Tanner Anderson, RHP, Altoona – Anderson went eight scoreless innings and stuck out nine batters, a career high, last Wednesday in a Curve win over Reading. It was arguably his best start of the season, as he only walked one batter and was efficient, only using 97 pitches to get through eight innings. Anderson has always been a ground ball pitcher, and he leads all of Double-A baseball this season with a 59.9% ground ball rate. The Curve will move him to the bullpen starting this upcoming week, as he has gone 111.2 innings in his first season as a starting pitcher. He went 88 innings last season between Bradenton and West Virginia before adding 26.1 in the AFL. They want to manage his innings to make sure he doesn’t add too many innings compared to last season. – Sean McCool

Austin Coley, RHP, Altoona – Coley is in the midst of his absolute best professional season, posting a 2.88 ERA in 18 starts (23 appearances). His ERA is currently third in the Eastern League among qualified pitchers, and he’s also near the top of the leader board with 11.2.2 innings pitched this season. His two starts this past week were two of his best this year, only allowing two earned runs in 14 innings pitched, including seven innings of two-hit, scoreless baseball in Reading last Tuesday. He also held a potent Trenton lineup at bay, as they only scored two runs on a string of singles in one inning. His off-speed stuff was extremely impressive during his last start, throwing the changeup in all counts then putting batters away with a nasty curveball. All seven of his strikeouts on Sunday were of the swinging variety, forcing plenty of check swings and ugly offers at the pitch. According to his manager, the difference between Coley this season and last season is the ability for him to locate that curveball both in and out of the strike zone. – SM

Luis Escobar, RHP, West Virginia – Escobar went a week between starts this last time out due to a rain out and off-day and it appears the extra rest helped him out. He went seven innings on Sunday, giving up one run on two hits and three walks, with seven strikeouts. It marks his longest career outing. That start capped off a strong month of July in which he had a 1.32 ERA in 27.1 innings, with 28 strikeouts and a .140 BAA. This is more like the Escobar we saw early in April when he dominated, and not the one who put up a 4.66 ERA in May and a 6.48 mark in June. He leads the South Atlantic League with 125 strikeouts. The Pirates believed that sending Escobar to the Futures Game would be good for him and he has allowed three runs over 23.1 innings since then. – JD

Tyler Glasnow, RHP, Indianapolis – Glasnow is running out of things to prove at the Triple-A level, showing a level of consistency and execution that eluded him last season with Indianapolis. Glasnow threw a pair of gems, allowing one run and striking out seven over seven innings on Tuesday; following that up with a 12-strikeout performance on Sunday, when he allowed one run over 6.1 innings. Glasnow’s fastball velocity has increased to where it has been in the past, hitting 100 MPH several times and sitting in the mid- to high-90s. And he’s filling up the strike zone with his fastball and attacking hitters, instead of dancing around the plate and trying to be too fine with his pitches. That’s evident by only allowing one walk on Sunday, while he has allowed two or less walks in three of his last five starts. Glasnow seems relaxed right now and has voiced what seems to be genuine reflection on the move back down to Indianapolis being a good one for his career. He’s pitching like someone ready for the major leagues, with the only thing left to show is his ability to consistently string together those types of outings. – BP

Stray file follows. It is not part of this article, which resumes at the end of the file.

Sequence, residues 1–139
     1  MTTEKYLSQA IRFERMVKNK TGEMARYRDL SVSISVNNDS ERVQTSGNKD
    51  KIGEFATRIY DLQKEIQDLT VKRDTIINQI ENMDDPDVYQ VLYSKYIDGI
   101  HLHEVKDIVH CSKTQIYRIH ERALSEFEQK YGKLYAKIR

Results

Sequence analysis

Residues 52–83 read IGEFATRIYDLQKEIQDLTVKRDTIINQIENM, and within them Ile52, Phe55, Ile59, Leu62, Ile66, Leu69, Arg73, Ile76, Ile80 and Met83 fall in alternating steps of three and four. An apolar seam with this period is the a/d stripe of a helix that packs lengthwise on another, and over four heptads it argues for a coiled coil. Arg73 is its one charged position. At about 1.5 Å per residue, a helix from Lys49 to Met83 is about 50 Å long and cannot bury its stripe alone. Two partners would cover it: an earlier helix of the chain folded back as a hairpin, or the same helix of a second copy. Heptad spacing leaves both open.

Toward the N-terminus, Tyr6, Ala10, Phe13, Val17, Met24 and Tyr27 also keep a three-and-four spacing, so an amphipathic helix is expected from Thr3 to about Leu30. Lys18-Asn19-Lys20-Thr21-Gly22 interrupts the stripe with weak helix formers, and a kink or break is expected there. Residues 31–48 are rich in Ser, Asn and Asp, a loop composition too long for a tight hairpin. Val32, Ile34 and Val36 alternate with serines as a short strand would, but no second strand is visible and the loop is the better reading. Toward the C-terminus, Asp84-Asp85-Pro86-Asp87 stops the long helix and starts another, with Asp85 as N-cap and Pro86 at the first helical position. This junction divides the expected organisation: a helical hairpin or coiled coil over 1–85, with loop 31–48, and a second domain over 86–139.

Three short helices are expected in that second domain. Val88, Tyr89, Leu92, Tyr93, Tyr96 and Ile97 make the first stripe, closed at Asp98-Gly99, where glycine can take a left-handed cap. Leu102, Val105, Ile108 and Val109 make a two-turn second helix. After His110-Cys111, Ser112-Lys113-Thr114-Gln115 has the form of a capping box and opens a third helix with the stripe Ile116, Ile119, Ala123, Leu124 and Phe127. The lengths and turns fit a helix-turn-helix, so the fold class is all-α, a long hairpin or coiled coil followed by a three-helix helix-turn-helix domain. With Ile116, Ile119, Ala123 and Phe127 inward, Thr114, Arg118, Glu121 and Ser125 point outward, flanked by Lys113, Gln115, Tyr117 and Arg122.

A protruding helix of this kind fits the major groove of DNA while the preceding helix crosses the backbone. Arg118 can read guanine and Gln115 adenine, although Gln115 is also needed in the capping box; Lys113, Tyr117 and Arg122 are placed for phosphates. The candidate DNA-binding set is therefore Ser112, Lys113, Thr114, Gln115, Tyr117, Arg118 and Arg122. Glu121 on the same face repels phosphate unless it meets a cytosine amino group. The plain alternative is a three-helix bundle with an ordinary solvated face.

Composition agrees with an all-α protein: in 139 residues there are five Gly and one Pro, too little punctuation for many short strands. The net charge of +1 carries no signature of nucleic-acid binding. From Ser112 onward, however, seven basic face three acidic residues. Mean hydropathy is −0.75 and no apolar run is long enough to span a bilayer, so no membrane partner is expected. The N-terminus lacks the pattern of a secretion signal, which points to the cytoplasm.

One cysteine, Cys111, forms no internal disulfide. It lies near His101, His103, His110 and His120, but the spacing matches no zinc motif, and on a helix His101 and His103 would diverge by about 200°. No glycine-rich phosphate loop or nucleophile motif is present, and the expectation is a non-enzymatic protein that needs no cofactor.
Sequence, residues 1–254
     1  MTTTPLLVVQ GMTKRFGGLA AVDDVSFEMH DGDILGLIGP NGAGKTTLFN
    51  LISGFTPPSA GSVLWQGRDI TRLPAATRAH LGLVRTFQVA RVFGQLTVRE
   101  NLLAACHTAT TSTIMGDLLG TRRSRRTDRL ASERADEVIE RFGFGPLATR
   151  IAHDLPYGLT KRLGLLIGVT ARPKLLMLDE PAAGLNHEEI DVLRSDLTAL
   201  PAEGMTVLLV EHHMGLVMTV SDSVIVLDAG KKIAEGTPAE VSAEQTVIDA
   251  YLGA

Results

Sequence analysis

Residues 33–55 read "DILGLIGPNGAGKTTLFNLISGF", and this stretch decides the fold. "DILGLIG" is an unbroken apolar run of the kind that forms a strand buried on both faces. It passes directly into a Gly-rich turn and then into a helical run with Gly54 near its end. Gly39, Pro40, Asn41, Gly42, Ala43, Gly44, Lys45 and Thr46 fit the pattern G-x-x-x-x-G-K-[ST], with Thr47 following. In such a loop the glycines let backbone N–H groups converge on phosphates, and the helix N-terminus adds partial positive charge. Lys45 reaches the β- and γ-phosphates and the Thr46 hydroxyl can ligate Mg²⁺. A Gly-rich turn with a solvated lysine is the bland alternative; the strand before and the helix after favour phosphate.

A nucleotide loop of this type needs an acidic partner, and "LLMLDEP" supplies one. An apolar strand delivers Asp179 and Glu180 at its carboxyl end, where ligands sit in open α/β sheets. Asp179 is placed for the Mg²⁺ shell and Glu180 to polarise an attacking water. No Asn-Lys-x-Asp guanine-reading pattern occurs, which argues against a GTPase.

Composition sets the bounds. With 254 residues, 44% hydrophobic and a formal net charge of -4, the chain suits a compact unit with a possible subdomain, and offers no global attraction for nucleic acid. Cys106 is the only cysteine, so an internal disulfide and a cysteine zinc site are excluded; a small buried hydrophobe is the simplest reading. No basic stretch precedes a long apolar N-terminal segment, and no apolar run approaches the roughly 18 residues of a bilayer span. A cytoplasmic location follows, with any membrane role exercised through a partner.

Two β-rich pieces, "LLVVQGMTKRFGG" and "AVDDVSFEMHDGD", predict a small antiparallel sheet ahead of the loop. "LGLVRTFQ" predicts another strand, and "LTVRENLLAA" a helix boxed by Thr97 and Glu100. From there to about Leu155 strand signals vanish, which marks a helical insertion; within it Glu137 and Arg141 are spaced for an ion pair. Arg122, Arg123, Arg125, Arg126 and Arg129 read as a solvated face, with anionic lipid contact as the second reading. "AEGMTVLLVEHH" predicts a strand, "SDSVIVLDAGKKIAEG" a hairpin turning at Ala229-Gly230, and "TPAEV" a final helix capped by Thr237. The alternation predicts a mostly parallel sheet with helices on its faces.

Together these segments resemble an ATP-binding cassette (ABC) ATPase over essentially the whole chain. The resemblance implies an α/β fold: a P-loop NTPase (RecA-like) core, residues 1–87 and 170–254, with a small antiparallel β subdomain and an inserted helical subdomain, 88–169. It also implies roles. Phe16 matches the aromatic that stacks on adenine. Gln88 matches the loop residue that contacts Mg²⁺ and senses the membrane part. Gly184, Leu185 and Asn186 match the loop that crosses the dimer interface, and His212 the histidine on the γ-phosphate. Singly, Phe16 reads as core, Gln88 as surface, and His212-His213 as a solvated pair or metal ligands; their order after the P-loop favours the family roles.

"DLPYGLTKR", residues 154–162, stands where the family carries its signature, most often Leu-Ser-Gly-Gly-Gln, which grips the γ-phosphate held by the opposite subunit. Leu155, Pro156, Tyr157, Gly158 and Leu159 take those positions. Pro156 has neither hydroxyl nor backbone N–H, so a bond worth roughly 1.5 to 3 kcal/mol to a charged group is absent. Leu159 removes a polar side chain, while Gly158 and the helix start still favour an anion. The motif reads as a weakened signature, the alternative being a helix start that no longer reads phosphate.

Bret Helton, RHP, Bradenton – Helton threw seven shutout innings on Friday, ending a great month of July. He made three starts and three relief appearances during the month, giving up three runs over 25 innings. Helton held opponents to a .193 BAA and posted an 0.88 WHIP. He has taken over the rotation spot of the injured Taylor Hearn, which gives Helton a chance to improve his stock over the final five weeks of the season. He was not impressive last year as a starter for West Virginia, but did look better in a relief role this season, showing more velocity and a much better strikeout rate. That rate has gone down as a starter, but the results have been even better. I wouldn’t be surprised to see him as the long man/spot starter next year for Altoona, a role similar to what led to success last year for Frank Duncan and this year for Austin Coley. – JD

Nick Kingham, RHP, Indianapolis – Kingham’s return from Tommy John surgery took another step forward after a pair of solid starts this week. He put up nearly identical pitching lines in his two starts, throwing seven innings twice. He allowed one earned run and eight hits in both of those starts, while most importantly not walking anybody either time. Kingham’s two starts came after his worst performance of the year on July 19, allowing eight runs on seven hits and four walks. The difference in Kingham’s turnaround the last two stars: fastball command. He’s throwing his fastball with better command and confidence, which is making his other pitches work better. Kingham referenced he used his off-speed pitches on the first pitch of some at-bats later in the game which was established by using his fastball on both sides of the plate. Kingham is showing the potential he has that was derailed with his injury. A few more starts like the ones he had this week and his name will become discussed more as a possible late-season promotion. – BP